“Why do I keep burning through these 12 volt electric diaphragm pumps?” I hear this question quite often. So let’s talk about how to get the best performance out of electric diaphragm pumps. These pumps are an efficient tool for applying soft wash mix to a roof. The most trouble I have witnessed begins from the initial setup. A homemade setup or even a professionally built soft wash machine can have issues from just the smallest details.
- Draw from the top of your tank.
The electric diaphragm pump cannot work properly from gravity fed tanks. Positive pressure causes the valves inside to float.
- Make your pickup hose larger than your discharge hose.
The size and placement of the pickup hose is also important. The pickup hose works best if it is a larger size hose than the discharge hose. This allows the volume of chemical to be drawn properly. For example, you have a ½” discharge hose so you would use a larger size for the pickup hose like ¾”.
- Keep air and debris out of the pump.
Air and or debris can be a culprit in some situations. Connecting a mesh filter to the hose is one option to prevent debris from traveling inside your pump. A pickup tube is also another option allowing the hose to stay vertical without catching air. Once the pickup hose is connected, it is important to check for leaks from your connections to the intake side of the pump.
- Mount the pump in a well-ventilated area.
The connection of the pump is also important. The pump can be mounted to a frame horizontally or to a wall of a vehicle vertically. If mounted vertical, the head of the pump needs to be facing downward. Make sure your pump has plenty of ventilation and avoid mounting near heat. These pumps need to be able to take vibration so the rubber feet that are included should have some play in them.
- Make sure your hoses have a good seal.
Some pumps require threaded hose barbs and others may have quick release barbs that will be included with the pump. For threaded hose barbs, I suggest wrapping the threads with PTF tape before connecting to the pump. This will help lubricate the hose barb in the process and resist leaks around the threads.
- Make sure you have the right power supply.
The most common 12-volt diaphragm pump jets 5-7 gallon per minute. This size of a pump requires the use of a lot of amps from a battery that can provide the proper amount of power. I suggest to use a premium group 24 deep cycle marine batter with at least 550 cranking amps and an equivalent quality deep cycle capable battery charger. When connecting your pump to the battery, a proper amp rated inline fuse and toggle switch to control the power to the pump is recommended to help consume energy. Secure your connections tight; loose connections on a batter can cause malfunction of the pump or even the battery itself.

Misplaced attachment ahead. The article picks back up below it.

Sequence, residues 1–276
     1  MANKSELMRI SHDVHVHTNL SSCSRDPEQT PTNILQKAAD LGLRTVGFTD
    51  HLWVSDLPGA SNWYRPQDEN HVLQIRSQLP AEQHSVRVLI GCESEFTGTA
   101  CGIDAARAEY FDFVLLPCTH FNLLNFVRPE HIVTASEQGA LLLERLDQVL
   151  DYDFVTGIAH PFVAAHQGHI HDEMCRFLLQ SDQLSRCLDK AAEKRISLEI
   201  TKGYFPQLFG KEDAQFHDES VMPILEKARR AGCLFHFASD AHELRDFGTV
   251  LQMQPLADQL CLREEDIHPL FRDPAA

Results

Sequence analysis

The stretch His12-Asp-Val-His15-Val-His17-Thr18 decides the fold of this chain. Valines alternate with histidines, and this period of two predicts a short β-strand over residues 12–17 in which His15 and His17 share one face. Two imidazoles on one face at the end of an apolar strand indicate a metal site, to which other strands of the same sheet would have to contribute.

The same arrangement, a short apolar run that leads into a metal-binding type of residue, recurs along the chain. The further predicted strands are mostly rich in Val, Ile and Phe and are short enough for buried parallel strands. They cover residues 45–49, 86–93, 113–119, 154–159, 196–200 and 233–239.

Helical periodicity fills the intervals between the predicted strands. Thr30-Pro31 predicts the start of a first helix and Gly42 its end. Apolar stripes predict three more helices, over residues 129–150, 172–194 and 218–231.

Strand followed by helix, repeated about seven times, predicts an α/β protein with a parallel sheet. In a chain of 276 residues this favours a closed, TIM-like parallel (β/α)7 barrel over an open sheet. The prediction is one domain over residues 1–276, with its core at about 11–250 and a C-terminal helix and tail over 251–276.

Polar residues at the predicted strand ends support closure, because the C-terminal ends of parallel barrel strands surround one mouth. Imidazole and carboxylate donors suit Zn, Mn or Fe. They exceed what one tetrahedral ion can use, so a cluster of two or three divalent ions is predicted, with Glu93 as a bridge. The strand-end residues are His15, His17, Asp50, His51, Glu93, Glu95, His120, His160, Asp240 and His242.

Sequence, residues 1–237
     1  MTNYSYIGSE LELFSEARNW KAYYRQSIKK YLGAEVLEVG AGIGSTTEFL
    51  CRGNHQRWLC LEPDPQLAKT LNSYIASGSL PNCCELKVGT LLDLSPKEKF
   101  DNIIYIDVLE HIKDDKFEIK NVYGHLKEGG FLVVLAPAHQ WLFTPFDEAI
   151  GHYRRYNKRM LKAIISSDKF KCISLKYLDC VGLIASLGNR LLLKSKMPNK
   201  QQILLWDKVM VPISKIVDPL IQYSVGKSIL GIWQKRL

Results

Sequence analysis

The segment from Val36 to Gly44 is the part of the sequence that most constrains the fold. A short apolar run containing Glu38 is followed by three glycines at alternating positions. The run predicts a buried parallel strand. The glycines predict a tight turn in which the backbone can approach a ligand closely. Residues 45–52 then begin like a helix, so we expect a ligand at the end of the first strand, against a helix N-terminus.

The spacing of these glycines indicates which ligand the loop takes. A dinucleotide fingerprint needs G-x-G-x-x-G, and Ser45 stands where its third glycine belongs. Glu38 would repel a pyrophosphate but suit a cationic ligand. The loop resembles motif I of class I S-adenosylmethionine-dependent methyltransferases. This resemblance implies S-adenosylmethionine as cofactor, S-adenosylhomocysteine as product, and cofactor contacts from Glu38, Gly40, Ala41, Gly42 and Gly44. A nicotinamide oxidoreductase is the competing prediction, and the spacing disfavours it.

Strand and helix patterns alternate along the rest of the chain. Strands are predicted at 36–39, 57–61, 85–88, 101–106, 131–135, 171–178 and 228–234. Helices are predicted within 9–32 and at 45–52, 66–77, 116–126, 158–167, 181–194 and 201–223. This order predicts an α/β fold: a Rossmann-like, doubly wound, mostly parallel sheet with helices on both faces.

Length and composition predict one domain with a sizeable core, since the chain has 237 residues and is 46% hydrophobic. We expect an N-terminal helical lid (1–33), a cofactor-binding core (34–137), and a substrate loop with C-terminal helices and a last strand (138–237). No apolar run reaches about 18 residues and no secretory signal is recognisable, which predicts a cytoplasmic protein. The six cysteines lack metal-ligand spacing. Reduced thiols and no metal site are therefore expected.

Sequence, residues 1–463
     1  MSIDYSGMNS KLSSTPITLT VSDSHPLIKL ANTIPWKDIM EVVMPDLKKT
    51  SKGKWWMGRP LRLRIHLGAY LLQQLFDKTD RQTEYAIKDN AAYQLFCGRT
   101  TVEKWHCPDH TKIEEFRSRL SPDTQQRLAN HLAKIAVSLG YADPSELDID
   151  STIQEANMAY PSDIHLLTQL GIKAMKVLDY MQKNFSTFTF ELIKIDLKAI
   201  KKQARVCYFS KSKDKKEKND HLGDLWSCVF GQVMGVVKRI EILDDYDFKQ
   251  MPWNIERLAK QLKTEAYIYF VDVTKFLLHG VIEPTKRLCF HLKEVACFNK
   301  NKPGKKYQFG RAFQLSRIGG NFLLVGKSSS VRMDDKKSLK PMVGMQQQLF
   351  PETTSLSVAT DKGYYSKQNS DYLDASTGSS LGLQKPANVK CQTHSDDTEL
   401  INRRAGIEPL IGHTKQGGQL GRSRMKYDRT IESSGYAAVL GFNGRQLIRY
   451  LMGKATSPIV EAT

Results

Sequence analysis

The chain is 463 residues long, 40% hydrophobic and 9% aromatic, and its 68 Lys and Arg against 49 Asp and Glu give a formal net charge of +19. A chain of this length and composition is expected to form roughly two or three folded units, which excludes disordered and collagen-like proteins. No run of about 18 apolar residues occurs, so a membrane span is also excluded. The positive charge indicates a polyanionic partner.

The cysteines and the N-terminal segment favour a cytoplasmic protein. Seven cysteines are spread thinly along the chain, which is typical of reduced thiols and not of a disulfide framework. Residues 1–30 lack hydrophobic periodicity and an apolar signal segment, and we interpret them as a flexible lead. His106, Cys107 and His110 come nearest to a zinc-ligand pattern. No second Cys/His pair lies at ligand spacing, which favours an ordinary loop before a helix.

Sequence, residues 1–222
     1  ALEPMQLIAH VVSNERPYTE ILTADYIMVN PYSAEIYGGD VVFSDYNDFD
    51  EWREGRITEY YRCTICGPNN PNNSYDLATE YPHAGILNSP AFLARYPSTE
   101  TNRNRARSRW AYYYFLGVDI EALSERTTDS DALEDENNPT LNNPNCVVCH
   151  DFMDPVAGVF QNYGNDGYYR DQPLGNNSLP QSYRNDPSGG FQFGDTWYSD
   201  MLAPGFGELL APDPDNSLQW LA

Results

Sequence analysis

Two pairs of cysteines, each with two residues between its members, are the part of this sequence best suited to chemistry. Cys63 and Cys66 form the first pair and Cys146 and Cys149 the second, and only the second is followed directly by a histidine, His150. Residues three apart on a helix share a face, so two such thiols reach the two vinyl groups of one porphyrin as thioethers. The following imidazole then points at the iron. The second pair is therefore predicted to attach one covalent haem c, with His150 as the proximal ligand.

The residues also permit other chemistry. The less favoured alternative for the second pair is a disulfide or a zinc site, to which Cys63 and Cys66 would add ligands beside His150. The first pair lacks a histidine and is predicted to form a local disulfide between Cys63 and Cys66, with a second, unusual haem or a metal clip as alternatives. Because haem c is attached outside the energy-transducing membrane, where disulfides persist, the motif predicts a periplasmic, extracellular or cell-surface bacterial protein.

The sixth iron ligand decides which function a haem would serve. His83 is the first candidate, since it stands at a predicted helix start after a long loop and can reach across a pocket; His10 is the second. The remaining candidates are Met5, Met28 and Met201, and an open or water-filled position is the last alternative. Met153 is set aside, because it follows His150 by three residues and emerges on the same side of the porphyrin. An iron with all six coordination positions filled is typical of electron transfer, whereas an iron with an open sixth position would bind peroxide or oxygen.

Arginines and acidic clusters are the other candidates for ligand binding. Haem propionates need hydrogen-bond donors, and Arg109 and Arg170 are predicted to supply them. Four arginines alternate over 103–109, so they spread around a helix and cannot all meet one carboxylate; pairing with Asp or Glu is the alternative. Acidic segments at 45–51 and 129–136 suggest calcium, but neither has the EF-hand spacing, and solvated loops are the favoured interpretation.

Keeping the battery charged is a must for a few reasons, the obvious is so you can have more time to spray of course. The next reason would be to avoid any damage to the electronic components such as the relay if equipped. Low amperage will cause the relay to fail to where no power will be supplied to the motor of the pump to function. If the relay has failed, it can be tested with an ohm meter and can be easily replaced with an equivalent relay.
- Use an accumulator tank.
An accumulator tank should be connected after the ump to the discharge hose. This helps the pressure switch shut off after the maximum pressure has been reached. This will reduce the amount of cycling and improve battery life during use. One thing I have seen is an accumulator failing from the discharge hose being elevated extremely high causing excessive back pressure. That being said, these systems work best from the ground or no higher than the gutter line of a roof.
- Make sure your discharge hose can handle the flow.
Once thing to keep in mind is the volume of chemical. The size of the hose on the discharge side must be proportioned to the flow the pump provides. For a 5 gallon per minute pump, a 5/8” discharge hose would be recommended as opposed to 3/8” to avoid restricting the flow. The ideal maximum of hose would be between 150 to 200’. If your system has a hose reel, the hose must be off of the hose reel during use to prevent restriction on the reel. The proper nozzle size that match the pump are important too. Use low pressure soap nozzles that are recommended with your pump.
- Use a trigger gun.
A trigger gun is an ideal way to connect to a hose barb at the end of your discharge hose. Some washers prefer a PVC ball valve instead, but the constant turn of the ball valve can be a little exhausting on your hands.
- Rinse your pump.
Rinsing after every job helps clean out the pump and hose of any leftover residue from your mix. If the mix dries, just think of the potential of tiny granules of salt inside your pump when it is powered on. It can tear up the insides or even get into the pressure switch chamber. This will stop a pump from working properly. Rinse the pump with a sodium hypochlorite neutralizer. This will cause the mix to dissipate faster.
Even if the pump has been properly set up and cared for, it will still go out eventually. Having an extra pump on hand or an alternative way to finish the job while you’re in the field can save your day.
Be careful out there and wash on!